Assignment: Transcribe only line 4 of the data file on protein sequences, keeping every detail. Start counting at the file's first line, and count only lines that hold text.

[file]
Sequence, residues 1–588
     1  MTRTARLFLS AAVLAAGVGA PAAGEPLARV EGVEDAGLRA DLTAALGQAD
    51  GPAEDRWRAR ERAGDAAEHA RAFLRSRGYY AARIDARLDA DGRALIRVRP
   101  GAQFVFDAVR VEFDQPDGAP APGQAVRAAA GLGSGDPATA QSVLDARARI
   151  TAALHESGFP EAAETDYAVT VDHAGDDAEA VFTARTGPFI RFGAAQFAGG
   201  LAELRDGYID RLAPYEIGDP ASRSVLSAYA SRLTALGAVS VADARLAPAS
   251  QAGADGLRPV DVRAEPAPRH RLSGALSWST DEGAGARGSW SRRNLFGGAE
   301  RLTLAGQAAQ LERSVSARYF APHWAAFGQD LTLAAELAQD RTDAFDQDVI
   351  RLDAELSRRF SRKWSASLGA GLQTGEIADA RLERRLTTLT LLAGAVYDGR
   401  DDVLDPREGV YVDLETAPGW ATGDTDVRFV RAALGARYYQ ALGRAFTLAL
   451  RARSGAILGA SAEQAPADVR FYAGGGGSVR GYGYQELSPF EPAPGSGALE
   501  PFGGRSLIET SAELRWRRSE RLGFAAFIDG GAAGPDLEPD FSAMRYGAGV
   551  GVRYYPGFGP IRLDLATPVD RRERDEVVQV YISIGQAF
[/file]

   101  GAQFVFDAVR VEFDQPDGAP APGQAVRAAA GLGSGDPATA QSVLDARARI